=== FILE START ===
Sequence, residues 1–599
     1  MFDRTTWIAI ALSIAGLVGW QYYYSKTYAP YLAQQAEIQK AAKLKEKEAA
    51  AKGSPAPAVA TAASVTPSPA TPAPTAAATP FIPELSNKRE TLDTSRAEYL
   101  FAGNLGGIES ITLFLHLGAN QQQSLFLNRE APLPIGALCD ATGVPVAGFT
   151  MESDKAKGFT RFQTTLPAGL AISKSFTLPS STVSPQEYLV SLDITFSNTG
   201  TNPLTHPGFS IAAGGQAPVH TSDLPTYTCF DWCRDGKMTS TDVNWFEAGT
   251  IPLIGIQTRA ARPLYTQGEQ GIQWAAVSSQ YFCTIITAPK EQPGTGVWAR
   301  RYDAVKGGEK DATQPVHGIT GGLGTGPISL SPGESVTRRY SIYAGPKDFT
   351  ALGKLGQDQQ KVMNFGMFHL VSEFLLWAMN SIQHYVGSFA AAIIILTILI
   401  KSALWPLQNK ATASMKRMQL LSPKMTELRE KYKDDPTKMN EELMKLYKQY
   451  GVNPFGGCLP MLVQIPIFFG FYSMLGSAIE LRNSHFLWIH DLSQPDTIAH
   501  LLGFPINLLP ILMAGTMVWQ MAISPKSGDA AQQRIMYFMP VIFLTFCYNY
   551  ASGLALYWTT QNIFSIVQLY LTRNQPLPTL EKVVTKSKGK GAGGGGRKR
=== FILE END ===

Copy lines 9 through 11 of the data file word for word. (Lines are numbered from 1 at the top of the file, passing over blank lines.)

   351  ALGKLGQDQQ KVMNFGMFHL VSEFLLWAMN SIQHYVGSFA AAIIILTILI
   401  KSALWPLQNK ATASMKRMQL LSPKMTELRE KYKDDPTKMN EELMKLYKQY
   451  GVNPFGGCLP MLVQIPIFFG FYSMLGSAIE LRNSHFLWIH DLSQPDTIAH